Private correspondence with the author.
On [tooltips keyword="marches" content="Mixed metaphor alert."] Firefox by executing the
loadURI method on a remote web browser, which turns out to be a [tooltips keyword="canonical" content="I told you that we would see that word again."] browsing context (1, 2).
CanonicalBrowsingContext, a subclass of
BrowsingContext. Both have
LoadURI methods. However, their parameter list is different which makes them overloaded functions. Execution continues in
CanonicalBrowsingContext::LoadURI before eventually continuing to
CanonicalBrowsingContext::LoadURI creates a load state using the values of the parameters set by its caller. As its final act,
BrowsingContext::LoadURI with the newly created load state and
NULL pointers for the other two parameters. Calling
BrowsingContext::LoadURI in this way triggers a specific execution path.
The chrome of Firefox (along with several other subsystems of the browser) is implemented in a so-called parent process. Firefox uses one or more child processes to control the "execution" of the content in browser tabs. This post is following a journey initiated by the user from the UI, so the actions executed to this point have been done in the context of the parent process. Because of the way that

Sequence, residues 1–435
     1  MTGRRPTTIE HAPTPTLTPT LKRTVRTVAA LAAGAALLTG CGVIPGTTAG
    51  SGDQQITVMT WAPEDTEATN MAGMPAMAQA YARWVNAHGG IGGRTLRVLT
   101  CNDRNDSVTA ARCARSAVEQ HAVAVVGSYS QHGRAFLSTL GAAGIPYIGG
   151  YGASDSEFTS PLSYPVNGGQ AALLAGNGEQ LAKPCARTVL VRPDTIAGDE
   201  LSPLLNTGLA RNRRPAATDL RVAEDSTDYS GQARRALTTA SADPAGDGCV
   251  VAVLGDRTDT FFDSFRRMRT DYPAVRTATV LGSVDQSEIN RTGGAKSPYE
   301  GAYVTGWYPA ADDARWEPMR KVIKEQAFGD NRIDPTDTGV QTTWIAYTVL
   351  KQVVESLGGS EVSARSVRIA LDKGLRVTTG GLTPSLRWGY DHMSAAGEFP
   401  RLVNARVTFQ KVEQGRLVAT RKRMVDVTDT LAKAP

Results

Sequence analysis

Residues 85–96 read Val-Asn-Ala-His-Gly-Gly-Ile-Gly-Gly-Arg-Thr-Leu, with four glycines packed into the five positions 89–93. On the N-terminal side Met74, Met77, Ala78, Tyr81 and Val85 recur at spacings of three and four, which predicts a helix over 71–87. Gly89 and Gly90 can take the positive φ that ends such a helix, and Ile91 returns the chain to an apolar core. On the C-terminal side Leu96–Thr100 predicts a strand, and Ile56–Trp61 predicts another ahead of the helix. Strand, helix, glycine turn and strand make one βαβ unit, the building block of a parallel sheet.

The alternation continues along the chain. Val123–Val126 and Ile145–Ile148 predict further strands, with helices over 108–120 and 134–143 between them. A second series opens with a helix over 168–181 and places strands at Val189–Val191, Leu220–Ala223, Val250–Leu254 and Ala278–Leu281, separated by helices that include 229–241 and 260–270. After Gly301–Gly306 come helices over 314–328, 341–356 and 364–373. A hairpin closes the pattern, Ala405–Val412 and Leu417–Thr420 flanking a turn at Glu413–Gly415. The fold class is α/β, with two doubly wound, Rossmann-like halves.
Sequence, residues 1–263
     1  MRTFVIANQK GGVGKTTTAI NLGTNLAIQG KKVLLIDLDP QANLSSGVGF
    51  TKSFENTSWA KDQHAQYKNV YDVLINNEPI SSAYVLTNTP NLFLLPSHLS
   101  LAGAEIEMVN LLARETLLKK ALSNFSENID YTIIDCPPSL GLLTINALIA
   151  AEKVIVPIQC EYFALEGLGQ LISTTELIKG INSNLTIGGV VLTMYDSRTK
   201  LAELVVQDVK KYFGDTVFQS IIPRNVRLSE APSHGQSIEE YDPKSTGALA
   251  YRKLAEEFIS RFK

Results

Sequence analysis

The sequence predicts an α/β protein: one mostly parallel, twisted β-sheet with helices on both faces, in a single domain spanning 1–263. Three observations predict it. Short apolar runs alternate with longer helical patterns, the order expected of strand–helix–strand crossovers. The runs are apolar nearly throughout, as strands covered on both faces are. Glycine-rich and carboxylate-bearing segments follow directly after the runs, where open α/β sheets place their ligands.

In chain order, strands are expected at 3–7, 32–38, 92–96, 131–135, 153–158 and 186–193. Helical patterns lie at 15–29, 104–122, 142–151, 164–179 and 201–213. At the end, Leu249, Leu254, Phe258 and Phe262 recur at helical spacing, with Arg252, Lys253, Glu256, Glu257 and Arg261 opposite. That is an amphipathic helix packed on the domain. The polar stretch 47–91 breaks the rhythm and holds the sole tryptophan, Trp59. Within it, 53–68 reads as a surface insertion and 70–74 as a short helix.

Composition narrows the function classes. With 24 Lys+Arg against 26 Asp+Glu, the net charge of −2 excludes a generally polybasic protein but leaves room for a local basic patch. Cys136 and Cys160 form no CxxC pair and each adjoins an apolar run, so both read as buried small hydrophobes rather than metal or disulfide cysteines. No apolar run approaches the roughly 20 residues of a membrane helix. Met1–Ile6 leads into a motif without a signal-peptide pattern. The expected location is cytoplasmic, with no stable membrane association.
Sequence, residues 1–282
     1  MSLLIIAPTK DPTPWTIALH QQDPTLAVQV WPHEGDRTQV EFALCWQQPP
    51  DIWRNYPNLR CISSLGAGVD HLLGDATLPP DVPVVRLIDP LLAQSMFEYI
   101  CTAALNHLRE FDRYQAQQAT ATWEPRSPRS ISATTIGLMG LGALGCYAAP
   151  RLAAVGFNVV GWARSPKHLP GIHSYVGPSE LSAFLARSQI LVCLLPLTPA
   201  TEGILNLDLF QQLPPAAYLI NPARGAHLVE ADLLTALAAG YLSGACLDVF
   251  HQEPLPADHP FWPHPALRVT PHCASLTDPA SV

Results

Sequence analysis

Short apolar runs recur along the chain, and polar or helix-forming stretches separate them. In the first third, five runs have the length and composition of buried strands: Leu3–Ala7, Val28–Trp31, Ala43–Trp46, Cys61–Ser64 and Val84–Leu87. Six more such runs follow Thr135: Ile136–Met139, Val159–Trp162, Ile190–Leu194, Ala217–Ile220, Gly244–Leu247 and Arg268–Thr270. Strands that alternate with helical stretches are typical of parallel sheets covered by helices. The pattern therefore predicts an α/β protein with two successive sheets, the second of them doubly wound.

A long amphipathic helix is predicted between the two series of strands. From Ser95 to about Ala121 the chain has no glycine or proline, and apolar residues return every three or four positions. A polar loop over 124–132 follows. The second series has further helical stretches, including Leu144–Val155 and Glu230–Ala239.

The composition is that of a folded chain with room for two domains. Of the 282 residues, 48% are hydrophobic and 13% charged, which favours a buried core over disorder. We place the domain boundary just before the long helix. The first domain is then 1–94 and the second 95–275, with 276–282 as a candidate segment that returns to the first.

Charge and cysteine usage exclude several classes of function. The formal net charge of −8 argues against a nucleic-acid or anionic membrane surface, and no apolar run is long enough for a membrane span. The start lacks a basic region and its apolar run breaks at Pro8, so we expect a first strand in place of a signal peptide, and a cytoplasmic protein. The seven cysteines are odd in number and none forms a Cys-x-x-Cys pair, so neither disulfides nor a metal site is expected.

BrowsingContext::LoadURI and the fact that it is executing in the context of the parent process,
BrowsingContext::LoadURI simply transfers the user's request to load a page to the proper child process - the one controlling the "execution" of the content of the current foreground tab, which in a previous context was called the target browser.
As I've been writing, I've been imagining myself telling this story over a campfire to a circle middle schoolers who thought they were going to hear a scary story. Depending on how you have felt reading this, they may or may be disappointed by what they've heard so far.
Either way, this is right about where the story gets really good so it seems like a good place to pause, take a break and inhale. When I started writing, I thought that I knew the entire execution path from the research I had done trying to fix the timing bug. I was wrong. Putting this [tooltips keyword="journey" content="Metaphor reuse alert."] into words has forced me to reconsider several of my assumptions and, as a result, I've learned some very important lessons.
Join me again soon when we continue our trek From Awesome Bar to Parser!
I want to say a special thank you to Mike Conley for providing valuable feedback on this post. Any errors that remain are my fault, however. Try as he might, sometimes I just couldn't be taught.